Taking the perspective of the Central and West African women blocked at the Moroccan-Spanish border, reveals how EU policies, in exporting their anti-migrant war to African countries, seem to have reinforced a continuum of male dominance: by creating, along the migratory route, a succession of spaces where African women must resist and/or succumb to multiple relations of power and domination in order to be able to cross the securitized borders, controlled by a plurality of actors but often all men. Breaking with binary and essentialist views that often present them as merely passive subjects of their migration, the women interviewed disclose hidden mechanisms and effects of the externalization of EU migration control policies on the bodies and lives of those who fight for their freedom of movement. Based on 30-months of ethnographic research in Morocco and the Spanish enclaves of Ceuta and Melilla, this article aims to show how EU border externalization provokes racialized and gendered vulnerabilization of people seeking mobility and notably reinforces gender-based violence against migrant women. There are several levels of violence against women seeking mobility at borders, we will focus on two: violence emanating from certain men who are part of the organization of the crossing, and violence exerted by the States policing the border. Both of these cases illustrate the interaction between mobility control policies and control over women’s bodies as an effect of border externalization.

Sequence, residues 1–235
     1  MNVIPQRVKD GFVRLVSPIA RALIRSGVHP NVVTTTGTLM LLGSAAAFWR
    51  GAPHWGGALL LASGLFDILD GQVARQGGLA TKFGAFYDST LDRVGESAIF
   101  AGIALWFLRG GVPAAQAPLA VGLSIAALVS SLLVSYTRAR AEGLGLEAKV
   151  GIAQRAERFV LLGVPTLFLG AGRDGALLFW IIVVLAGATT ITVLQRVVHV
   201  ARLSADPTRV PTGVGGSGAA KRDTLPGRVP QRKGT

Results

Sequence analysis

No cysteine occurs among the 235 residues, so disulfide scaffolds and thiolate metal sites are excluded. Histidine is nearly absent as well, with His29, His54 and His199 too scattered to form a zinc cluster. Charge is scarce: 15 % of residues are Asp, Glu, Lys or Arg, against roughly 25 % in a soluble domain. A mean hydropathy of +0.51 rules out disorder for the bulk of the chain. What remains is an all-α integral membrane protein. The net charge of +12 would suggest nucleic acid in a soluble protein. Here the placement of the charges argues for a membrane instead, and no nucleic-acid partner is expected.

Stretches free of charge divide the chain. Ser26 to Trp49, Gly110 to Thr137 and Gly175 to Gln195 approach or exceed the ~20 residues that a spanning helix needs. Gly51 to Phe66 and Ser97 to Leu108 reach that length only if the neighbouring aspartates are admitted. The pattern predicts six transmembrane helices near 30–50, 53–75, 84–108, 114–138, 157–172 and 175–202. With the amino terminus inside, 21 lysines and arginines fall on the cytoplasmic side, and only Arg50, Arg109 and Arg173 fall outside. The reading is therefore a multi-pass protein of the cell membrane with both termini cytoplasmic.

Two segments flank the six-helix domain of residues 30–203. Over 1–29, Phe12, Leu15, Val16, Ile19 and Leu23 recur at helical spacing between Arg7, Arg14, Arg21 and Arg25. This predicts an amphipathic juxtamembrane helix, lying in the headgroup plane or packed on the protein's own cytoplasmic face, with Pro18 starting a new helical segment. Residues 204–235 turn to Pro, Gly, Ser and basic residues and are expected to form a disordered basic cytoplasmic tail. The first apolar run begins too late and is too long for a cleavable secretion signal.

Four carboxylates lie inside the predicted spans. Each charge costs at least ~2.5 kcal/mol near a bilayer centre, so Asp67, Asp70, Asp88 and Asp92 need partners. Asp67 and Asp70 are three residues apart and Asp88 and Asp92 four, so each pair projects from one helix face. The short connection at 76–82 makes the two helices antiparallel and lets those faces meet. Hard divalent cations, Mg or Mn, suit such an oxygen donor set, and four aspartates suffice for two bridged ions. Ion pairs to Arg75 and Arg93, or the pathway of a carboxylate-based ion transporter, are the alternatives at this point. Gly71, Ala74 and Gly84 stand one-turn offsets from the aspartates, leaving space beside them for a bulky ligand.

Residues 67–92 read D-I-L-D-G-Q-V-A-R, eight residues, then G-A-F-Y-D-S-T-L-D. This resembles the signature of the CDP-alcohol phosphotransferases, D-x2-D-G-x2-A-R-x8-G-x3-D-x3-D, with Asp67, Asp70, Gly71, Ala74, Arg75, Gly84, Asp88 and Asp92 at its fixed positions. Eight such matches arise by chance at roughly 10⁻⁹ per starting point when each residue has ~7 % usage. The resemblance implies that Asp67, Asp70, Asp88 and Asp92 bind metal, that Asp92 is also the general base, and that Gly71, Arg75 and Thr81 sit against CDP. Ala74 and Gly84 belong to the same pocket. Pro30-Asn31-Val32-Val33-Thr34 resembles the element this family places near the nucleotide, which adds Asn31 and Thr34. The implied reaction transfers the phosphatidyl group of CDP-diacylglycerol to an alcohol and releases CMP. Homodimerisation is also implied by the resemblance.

Tyszler, E. From controlling mobilities to control over women’s bodies: gendered effects of EU border externalization in Morocco. CMS 7, 25 (2019). https://doi.org/10.1186/s40878-019-0128-4